Organic farming is an agricultural method that aims to produce food using natural substances and processes. This means that organic farming tends to have a limited environmental impact as it encourages:
- the responsible use of energy and natural resources;
- the maintenance of biodiversity;
- preservation of regional ecological balances;
- enhancement of soil fertility;
- maintenance of water quality.
Additionally, organic farming rules encourage a high standard of animal welfare and require farmers to meet the specific behavioural needs of animals.
European Union regulations on organic farming are designed to provide a clear structure for the production of organic goods across the whole of the EU. This is to satisfy consumer demand for trustworthy organic products whilst providing a fair marketplace for producers, distributors and marketers.
Building trust in organic farming
In order for farmers to derive benefits from organic farming methods, consumers need to trust that the rules on organic production are being followed. Therefore, the EU maintains the following strict system of control and enforcement to guarantee that organics rules and regulations are being followed properly. As organic farming is part of a larger supply chain which encompasses food processing, distribution and retailing sectors, these are also subject to checks
- Each EU member appoints ‘control bodies or authorities’ to inspect operators in the organics food chain. Producers, distributors and marketers of organic products must register with their local control body before they are allowed to market their food as organic.
- After they have been inspected and checked, they will be awarded a certificate to confirm that their products meet organic standards.
- All operators are checked at least once a year to make sure that they are continuing to follow the rules.
- Imported organic food is also subject to control procedures to guarantee that they have also been produced and shipped in accordance with organic principles.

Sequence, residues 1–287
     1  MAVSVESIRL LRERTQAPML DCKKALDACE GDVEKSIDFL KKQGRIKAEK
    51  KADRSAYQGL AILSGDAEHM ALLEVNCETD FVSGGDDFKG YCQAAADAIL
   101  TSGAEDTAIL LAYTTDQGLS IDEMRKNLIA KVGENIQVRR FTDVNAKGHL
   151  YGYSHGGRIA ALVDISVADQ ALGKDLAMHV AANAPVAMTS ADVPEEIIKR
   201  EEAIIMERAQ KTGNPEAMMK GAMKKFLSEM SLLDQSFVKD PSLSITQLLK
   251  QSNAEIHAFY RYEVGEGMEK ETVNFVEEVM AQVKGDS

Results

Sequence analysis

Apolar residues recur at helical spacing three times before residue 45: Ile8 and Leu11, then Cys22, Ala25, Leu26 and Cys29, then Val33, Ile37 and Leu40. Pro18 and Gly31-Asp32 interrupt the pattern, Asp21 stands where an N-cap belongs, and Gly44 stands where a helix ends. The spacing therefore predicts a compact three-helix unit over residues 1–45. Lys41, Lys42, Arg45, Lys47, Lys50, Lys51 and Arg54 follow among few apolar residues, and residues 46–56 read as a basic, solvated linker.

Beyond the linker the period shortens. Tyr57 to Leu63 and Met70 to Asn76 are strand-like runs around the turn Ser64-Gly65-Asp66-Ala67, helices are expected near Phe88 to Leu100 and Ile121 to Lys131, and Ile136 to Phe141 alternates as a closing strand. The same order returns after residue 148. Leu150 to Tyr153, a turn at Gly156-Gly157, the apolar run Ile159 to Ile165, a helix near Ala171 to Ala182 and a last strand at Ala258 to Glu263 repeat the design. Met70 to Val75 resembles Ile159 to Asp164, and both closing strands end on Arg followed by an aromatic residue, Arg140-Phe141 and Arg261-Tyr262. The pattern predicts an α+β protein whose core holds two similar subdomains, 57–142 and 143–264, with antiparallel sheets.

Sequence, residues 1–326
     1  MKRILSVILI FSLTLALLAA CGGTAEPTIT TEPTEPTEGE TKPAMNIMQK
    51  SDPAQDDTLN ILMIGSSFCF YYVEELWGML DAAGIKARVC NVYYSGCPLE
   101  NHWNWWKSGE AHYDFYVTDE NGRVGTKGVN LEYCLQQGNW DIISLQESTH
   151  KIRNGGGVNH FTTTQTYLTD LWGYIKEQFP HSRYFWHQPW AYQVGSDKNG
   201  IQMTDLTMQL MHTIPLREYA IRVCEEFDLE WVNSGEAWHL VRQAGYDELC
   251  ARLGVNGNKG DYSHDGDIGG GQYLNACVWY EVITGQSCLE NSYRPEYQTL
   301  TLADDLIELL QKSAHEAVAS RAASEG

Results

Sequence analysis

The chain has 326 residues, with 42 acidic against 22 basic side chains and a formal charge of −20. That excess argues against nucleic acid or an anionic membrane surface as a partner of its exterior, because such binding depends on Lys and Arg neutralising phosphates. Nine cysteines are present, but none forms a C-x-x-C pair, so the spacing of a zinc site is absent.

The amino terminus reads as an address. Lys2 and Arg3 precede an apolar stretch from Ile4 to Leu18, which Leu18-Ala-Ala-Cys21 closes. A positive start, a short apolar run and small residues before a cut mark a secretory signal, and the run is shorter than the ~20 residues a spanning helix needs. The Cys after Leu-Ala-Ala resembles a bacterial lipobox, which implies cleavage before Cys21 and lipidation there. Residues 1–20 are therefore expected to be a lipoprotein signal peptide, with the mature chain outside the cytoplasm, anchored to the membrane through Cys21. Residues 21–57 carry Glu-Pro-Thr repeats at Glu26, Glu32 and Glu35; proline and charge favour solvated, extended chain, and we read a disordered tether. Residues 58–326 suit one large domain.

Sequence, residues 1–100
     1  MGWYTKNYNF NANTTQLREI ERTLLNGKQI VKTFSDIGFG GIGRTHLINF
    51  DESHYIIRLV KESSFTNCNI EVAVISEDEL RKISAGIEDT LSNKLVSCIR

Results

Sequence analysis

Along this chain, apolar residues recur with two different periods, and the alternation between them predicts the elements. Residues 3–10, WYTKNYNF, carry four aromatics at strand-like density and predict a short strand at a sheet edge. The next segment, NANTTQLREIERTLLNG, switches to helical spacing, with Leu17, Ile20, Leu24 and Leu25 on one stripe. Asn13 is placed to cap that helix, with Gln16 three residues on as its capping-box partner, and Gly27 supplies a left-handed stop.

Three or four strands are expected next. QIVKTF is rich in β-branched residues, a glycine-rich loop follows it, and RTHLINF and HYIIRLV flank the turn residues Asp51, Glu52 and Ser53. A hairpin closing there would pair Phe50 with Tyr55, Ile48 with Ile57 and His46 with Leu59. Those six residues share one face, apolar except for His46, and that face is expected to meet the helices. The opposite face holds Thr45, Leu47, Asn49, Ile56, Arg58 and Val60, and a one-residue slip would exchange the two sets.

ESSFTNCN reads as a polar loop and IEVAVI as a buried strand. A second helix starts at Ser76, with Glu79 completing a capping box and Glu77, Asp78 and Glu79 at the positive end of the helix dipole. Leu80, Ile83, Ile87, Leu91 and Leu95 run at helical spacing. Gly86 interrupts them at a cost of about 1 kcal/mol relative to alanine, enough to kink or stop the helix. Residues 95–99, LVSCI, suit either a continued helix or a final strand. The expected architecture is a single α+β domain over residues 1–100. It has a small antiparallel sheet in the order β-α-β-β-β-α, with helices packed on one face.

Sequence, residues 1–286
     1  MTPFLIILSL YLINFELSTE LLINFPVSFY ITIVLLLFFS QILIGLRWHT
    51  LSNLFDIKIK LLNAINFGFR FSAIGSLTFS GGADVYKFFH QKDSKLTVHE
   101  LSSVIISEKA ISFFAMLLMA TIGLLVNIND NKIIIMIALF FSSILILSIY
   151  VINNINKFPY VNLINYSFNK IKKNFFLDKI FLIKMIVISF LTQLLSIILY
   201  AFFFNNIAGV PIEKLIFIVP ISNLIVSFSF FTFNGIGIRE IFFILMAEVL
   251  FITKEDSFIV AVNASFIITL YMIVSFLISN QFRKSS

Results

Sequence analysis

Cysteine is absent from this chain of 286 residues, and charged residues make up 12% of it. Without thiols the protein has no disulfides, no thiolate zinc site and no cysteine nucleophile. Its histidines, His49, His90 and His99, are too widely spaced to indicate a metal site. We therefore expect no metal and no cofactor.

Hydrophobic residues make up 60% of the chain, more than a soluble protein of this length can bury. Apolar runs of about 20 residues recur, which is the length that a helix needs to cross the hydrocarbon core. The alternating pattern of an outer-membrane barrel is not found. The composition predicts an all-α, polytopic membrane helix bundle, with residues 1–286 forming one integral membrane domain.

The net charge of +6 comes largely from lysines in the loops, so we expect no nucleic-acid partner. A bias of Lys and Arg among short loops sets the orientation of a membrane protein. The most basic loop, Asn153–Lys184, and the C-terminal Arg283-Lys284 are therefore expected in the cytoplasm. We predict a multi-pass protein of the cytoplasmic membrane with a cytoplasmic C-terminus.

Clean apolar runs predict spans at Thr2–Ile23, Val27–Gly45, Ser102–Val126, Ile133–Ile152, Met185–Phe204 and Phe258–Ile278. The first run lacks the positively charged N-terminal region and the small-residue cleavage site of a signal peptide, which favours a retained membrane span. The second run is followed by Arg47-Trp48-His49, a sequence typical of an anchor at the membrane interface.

The organic logo
The organic logo gives a coherent visual identity to EU produced organic products sold in the EU. This makes it easier for EU based consumers to identify organic products and helps farmers to market them across all EU countries.
The organic logo can only be used on products that have been certified as organic by an authorised control agency or body. This means that they have fulfilled strict conditions on how they are produced, transported and stored.
Organic farming after 2022
Organic farming is a fast growing area in EU agriculture, which is a direct result of increased consumer interest in organic products. In response to the challenges posed by this rapid expansion, and in order to provide an effective legal framework for the industry, the EU has passed new legislation. Due to the complexity and importance of the secondary legislation under preparation, its entry into force was postponed by one year, from 1 January 2021 to 1 January 2022. The postponement was originally requested by EU countries, the European Parliament, non-EU countries, and other stakeholders.
Examples of the changes that will be made under the new organic legislation include:
- a strengthening of the control system, helping to build further consumer confidence in the EU organics system;
- new rules for producers which will make it easier for smaller farmers to convert to organic production;
- new rules on imported organics to ensure that all organic products sold in the EU are of the same standard;
- a greater range of products that can be marketed as organic.
The new organic legislation will be supported by the action plan for organic production in the EU, launched by the European Commission in March 2021.